In Japan, Economic Headaches Abound

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JapanWith uncertainties over lingering disruptions to supply chains, weak spending from an anxious consumer base and a declining economic output, Japan’s economic recovery after the March earthquake is looking dim, many analysts have said.

The nation’s gross domestic product shrank a shocking 3.7 percent on an annualized basis in the first quarter of the year, according to Thursday’s government announcement, indicating the earthquake, tsunami and nuclear disaster dealt a much bigger blow to consumer and corporate spending than previously thought. GDP is the total value of goods and services produced in a nation.

Although many manufacturers remain troubled over snarled supply chains, some economists have predicted a surge in demand in the coming months from reconstruction and repairs to disaster-damaged infrastructure, businesses and homes.

Most signs, however, point to a long and treacherous road before the national economy is fully resuscitated. Another major fear is a continued depression of consumer spending, which makes up about 60 percent of the GDP, caused by worries the job market will further deteriorate.

“Supply chain disruptions were no doubt the largest factor” behind the worse-than-expected shrinkage of the economy in the January-March period, according to Kaoru Yosano, state minister in charge of economic and fiscal policy.

Producing a single automobile requires about 30,000 parts, and the lack of even one component can bring production to a standstill.

Nissan Motor Co. Chief Executive Officer Carlos Ghosn said in a news conference earlier this month that the disaster has shown the firm is too dependent on facilities in a few locations for parts procurement. Osamu Suzuki, chairman of Suzuki Motor Corp., has lamented the “complexity of the flow of (auto) parts,” adding, “I don’t think the clogged supply network can be fixed anytime soon.”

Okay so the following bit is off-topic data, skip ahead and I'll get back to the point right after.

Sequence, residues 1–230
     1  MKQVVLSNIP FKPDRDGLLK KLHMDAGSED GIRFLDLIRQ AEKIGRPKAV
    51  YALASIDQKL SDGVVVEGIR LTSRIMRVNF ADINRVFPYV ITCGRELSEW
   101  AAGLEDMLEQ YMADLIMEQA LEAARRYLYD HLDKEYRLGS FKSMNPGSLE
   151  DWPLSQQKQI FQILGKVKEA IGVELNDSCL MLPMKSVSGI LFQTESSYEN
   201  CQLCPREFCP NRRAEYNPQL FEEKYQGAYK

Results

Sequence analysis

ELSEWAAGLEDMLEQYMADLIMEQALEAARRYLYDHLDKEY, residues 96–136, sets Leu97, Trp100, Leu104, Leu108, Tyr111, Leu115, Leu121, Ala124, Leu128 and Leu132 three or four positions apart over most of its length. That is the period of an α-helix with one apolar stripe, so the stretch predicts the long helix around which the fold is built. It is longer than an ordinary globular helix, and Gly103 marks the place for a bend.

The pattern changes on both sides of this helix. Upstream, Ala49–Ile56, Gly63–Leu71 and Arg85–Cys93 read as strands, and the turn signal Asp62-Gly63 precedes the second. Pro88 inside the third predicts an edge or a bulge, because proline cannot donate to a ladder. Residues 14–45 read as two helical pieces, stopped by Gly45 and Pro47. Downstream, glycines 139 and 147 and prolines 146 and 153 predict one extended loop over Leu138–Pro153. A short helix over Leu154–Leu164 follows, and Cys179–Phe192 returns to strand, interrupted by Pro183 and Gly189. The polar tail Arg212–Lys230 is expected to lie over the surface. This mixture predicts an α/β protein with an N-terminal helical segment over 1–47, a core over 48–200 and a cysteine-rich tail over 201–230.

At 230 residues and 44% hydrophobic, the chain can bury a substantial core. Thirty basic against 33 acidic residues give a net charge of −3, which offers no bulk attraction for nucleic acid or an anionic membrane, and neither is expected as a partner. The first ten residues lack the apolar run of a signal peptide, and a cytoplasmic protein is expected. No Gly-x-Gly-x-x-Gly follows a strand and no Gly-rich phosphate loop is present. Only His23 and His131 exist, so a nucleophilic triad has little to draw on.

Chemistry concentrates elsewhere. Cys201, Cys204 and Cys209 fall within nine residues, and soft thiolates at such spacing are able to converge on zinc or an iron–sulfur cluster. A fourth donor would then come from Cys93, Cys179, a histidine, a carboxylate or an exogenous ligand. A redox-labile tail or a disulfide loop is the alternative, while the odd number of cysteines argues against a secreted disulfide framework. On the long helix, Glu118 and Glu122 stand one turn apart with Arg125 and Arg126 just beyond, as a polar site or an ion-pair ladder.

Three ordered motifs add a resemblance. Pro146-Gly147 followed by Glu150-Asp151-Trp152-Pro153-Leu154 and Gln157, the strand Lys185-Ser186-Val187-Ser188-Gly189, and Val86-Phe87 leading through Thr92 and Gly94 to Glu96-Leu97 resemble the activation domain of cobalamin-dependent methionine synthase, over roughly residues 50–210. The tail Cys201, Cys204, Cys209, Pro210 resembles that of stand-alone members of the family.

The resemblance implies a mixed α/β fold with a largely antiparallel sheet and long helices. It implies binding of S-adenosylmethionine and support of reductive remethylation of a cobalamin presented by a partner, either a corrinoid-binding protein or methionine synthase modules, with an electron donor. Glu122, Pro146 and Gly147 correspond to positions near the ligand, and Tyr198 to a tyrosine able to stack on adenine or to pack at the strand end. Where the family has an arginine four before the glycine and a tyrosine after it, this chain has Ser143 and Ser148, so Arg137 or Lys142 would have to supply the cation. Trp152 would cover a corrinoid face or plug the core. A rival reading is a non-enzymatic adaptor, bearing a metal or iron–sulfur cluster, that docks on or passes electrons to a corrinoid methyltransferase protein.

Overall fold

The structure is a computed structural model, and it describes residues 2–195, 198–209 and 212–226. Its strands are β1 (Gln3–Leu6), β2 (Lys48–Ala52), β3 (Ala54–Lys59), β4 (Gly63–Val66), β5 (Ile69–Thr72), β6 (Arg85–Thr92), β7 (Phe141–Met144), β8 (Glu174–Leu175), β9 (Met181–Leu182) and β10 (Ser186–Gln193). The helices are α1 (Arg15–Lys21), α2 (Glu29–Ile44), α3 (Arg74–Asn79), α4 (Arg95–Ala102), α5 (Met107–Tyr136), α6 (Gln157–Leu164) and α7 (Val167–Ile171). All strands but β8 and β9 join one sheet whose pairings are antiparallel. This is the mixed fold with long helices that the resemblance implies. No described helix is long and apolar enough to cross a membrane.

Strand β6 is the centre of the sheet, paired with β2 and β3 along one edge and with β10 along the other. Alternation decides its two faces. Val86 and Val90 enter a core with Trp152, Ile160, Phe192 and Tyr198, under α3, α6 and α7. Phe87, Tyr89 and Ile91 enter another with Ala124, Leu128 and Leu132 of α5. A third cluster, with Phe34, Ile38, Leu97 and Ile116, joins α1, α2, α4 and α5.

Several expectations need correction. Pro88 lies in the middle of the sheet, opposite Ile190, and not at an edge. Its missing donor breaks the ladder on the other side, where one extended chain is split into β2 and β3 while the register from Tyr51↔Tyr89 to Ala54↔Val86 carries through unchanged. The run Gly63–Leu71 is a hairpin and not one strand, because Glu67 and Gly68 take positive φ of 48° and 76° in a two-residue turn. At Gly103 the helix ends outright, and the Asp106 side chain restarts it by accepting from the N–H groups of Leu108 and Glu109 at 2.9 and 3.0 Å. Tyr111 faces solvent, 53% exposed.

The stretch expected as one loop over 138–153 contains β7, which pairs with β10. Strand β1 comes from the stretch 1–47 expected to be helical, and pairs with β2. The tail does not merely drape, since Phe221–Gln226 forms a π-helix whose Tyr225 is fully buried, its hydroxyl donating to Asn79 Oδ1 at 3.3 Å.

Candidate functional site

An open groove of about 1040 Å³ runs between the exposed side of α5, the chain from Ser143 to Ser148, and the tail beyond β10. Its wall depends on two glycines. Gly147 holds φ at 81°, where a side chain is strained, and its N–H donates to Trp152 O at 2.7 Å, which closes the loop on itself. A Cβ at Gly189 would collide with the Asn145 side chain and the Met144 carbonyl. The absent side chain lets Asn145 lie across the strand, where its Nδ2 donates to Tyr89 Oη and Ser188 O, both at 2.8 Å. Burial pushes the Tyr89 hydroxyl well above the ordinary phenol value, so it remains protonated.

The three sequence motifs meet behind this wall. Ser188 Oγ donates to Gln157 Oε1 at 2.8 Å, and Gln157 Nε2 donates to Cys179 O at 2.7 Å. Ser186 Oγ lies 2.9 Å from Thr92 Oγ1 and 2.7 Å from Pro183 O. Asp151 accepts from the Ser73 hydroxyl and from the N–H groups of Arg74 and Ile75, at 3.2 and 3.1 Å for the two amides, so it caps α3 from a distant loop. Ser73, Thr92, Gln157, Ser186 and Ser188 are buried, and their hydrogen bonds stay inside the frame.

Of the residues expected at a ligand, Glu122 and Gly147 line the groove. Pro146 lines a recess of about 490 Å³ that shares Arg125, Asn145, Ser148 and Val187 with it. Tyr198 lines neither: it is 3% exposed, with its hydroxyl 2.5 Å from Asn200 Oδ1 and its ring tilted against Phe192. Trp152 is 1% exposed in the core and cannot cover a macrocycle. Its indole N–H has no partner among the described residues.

Renesas Electronics Corp., a major producer of auto microcontrollers, saw its main plant damaged by the March 11 earthquake and tsunami. The firm said its stockpiles of microcontrollers — a product vital to the auto industry — would run out in June. Renesas holds 40 percent of the world microcontroller market.

Amid the supply problems and disaster damage, companies are working hard to return production to normal levels. Toyota Motor Corp.’s President Akio Toyoda has said the company would be able to “raise operation ratios from the beginning of June, which will move up our recovery schedule by one month.”

Many industry leaders have placed their hopes for the future on rising demand for disaster reconstruction.

Although the mood of self-restraint that enveloped the nation following the earthquake has largely subsided, a worsening employment environment could lead to further drops in spending.

Credit Suisse Securities (Japan) took a consumer sentiment survey from April 16-21, asking people if and why they had trimmed spending. Most respondents who reduced outlays, 60.4 percent, said the cuts were “due to anxieties about the economy and income,” followed by 32.2 percent who said they held back “in consideration of people in the disaster-hit areas.”

The findings suggest self-restraint born of sympathy is having only a limited effect on people’s spending habits.

Respondents who said they were considering buying energy-saving air conditioners, refrigerators and other appliances in preparation for possible summer power shortages stood at 19.2 percent, according to the survey.

“Since a lot of consumers are worried about the labor market getting worse, it’s very possible the slowdown in consumption will continue for quite a while,” a Credit Suisse official said.

Some analysts have said a sharp surge in demand in the July-September quarter because of disaster recovery projects could kick-start the economy.

But Mitsumaru Kumagai, a senior economist at Daiwa Institute of Research Ltd., has cautioned the future of the nation’s economy will hinge on whether the electricity supply issue can be solved, as business activity “could be greatly affected by (a limited) power supply situation in the April-June period and afterward.”

Source: McClatchy-Tribune Information Services.